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Transgenic seeds to push up fertiliser consumption

Dilip Kumar Jha  |  Mumbai 

Asix per cent rise in area under transgenic crops could double fertiliser consumption.

As estimated by Charudatta Digambarrao Mayee, chairman of Agricultural Scientists Recruitment Board (ASRB), the new genotype, which scientists are striving to introduce, will require higher amounts of fertiliser for higher yields.

If the area under advanced transgenic seeds increases to 10 per cent in a few years from the present level of 4 per cent, the country’s fertiliser consumption will increase 107 per cent to 220 kgs per hectare (ha) from the current levels (the latest available figure 2005-06), at 106 kgs per ha.

But, for that the government needs to commercialise many genetically modified crops which are under various stages of field trials, Mayee said.

Union Steel Chemicals and Fertiliser Minister had recently said the fertiliser subsidy is likely to rise upto Rs 1,14,000 crore from Rs 36,000 crore last year.

Currently, the government has allowed the commercialisation of genetically engineered seed in cotton only. Last season, 7.6 million ha area was covered under engineered seed of the total 9.5 million ha under cotton crop in the country. However, transgenic technologies can help deal with pests, diseases, weeds, nutrition, and also drought or soil salinity.

The cultivated land in the country is 143 million ha out of the total geographical area of around 329 million ha. There is a double cropping system on 143 million ha because of 55 million ha of net irrigated area.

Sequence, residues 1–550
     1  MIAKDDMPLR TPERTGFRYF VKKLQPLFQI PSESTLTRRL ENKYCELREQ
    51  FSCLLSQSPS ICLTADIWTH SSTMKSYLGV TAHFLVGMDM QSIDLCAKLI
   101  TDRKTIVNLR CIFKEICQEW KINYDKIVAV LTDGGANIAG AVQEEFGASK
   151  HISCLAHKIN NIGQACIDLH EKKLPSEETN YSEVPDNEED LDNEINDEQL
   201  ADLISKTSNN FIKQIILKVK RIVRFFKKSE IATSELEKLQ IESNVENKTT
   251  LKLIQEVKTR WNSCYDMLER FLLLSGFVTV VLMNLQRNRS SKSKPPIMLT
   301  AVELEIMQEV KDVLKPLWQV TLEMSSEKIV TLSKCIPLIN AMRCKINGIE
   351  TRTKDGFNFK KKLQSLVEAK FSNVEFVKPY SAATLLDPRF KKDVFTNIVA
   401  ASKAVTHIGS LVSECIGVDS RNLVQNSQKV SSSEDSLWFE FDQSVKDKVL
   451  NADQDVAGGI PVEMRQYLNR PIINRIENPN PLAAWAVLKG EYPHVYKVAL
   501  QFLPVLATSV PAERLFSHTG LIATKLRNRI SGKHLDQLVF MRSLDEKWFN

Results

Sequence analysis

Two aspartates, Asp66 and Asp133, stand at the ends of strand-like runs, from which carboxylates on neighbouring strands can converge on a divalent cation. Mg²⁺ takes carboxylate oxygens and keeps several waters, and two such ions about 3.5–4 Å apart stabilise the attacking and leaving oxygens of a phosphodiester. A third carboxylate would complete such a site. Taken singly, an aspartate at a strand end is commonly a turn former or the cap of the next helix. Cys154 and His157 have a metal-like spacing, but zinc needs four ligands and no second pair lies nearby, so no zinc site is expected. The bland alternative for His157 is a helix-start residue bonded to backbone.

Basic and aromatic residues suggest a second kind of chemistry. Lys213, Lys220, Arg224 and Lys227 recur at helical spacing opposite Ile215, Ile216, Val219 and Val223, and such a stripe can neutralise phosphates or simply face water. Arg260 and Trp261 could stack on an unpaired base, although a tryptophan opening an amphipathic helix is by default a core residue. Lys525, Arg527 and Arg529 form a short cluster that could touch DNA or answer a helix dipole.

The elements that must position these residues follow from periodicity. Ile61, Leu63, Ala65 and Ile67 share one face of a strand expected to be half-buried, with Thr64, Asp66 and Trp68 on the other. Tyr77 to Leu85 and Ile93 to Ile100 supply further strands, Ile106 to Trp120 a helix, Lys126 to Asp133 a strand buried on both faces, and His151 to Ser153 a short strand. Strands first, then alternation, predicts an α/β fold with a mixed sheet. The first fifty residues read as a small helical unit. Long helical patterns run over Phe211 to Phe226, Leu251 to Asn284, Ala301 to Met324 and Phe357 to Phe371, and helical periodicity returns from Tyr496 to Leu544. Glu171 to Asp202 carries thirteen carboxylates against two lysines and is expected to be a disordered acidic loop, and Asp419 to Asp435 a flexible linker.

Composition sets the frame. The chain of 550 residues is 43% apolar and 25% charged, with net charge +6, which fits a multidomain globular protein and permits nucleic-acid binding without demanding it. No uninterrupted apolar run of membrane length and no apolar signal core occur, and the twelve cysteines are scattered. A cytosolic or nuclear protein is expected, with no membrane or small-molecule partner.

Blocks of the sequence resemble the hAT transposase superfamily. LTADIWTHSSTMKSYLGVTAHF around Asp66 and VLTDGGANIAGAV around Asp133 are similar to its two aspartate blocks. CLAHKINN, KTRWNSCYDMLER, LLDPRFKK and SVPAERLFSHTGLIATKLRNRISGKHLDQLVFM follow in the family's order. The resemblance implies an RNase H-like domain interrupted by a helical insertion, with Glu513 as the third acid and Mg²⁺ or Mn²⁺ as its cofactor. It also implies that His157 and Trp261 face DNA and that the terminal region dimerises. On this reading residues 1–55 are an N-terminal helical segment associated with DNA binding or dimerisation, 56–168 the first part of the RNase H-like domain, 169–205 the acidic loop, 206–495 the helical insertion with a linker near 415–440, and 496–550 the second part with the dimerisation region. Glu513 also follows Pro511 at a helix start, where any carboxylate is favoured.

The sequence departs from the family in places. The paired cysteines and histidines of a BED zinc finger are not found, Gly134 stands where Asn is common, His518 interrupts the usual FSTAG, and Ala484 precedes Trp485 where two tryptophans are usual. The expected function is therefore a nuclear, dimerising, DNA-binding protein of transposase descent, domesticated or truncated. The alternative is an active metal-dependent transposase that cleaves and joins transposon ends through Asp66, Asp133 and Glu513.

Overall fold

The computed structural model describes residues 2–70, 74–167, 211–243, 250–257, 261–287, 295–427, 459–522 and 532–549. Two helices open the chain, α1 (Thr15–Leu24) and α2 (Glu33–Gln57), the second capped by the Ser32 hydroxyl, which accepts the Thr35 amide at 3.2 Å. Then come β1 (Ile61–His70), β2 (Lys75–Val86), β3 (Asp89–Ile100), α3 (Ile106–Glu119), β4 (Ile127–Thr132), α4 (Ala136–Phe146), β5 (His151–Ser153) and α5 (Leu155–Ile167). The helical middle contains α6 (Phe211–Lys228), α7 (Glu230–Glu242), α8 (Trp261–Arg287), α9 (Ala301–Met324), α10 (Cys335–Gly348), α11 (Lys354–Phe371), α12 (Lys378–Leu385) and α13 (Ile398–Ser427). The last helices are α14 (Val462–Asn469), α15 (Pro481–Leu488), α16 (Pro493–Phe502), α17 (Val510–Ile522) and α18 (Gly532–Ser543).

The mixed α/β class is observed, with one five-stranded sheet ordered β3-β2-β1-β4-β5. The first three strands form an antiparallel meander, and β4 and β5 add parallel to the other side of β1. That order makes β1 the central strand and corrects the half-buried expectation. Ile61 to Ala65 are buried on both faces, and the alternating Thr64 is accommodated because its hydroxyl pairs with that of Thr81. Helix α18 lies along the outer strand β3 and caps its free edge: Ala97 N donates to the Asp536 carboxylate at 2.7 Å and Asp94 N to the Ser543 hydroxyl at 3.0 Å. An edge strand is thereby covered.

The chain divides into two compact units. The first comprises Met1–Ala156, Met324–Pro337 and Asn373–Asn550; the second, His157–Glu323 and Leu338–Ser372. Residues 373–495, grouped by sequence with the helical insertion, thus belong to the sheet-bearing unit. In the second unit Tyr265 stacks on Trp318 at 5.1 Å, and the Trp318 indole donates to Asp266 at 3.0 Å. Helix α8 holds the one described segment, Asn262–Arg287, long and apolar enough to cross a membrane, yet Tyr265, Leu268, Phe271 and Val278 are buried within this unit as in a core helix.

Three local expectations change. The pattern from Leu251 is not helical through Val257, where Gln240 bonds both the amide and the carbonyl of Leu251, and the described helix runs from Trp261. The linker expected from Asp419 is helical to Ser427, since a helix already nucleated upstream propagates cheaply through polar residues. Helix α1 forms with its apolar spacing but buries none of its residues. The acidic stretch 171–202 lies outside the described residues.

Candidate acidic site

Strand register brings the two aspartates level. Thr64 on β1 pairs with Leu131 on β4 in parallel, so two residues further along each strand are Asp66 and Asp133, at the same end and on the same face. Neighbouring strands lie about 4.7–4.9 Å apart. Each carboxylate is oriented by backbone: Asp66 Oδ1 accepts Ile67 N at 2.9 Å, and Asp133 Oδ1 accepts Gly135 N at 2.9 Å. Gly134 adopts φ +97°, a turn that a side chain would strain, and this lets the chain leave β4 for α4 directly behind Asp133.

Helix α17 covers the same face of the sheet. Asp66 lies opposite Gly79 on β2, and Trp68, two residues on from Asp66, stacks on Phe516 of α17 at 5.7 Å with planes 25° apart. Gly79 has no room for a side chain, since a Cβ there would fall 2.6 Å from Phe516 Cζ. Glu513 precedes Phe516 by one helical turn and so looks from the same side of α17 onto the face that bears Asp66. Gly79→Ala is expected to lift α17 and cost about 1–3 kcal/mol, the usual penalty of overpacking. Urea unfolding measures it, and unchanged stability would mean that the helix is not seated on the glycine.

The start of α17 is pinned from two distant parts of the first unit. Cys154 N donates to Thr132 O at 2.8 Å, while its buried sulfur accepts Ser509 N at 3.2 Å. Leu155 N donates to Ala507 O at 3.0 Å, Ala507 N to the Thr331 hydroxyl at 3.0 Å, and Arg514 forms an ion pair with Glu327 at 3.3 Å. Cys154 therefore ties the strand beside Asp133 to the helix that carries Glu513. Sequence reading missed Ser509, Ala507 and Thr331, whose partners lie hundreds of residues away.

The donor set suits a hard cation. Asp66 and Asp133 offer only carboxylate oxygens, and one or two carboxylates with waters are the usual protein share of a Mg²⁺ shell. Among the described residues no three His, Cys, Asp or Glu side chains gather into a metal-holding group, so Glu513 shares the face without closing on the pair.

Therefore, the total gross cropped area in the country is around 190 million ha which includes area under kharif, rabi and summer.

Today, different crops are grown during various seasons round the year on this 190 million ha. For example, rice is grown on 43 million ha, wheat 28 million ha, coarse cereals like jawar and bajra 30 million ha, pulses 15 million ha and oilseeds are grown on 24 million ha. None of these crops have engineered seed.

The fertiliser consumption of nitrogen, phosphorus and potassium (NPK) compound has increased from 0.066 mt tonnes in 1950-51 to 20.3 mt tonnes in 2005-06. The fertiliser consumption rate was only 0.45 kg per hectare in 1950-51 which was increased to 106 kg per hectare in 2005-06.

Today, India’s fertiliser consumption is the lowest in the world with a total consumption of about 160 kg NPK per ha, which is much below than the consumption in developed countries including China.

“Fertiliser has been key input in increasing food production in the country and introduction of engineered seed will not reduce fertiliser consumption in India,” the scientist added.

He, however, said that consumable agricultural commodities including Bt brinjal, golden rice or any other crops will have no impact in the longer run because there is a process in the country for evaluating biosafety, food safety, environmental safety of all such products for a long period before being permitted into commercial agriculture. Standards norms are also decided by the international bodies and these are being followed in the country.

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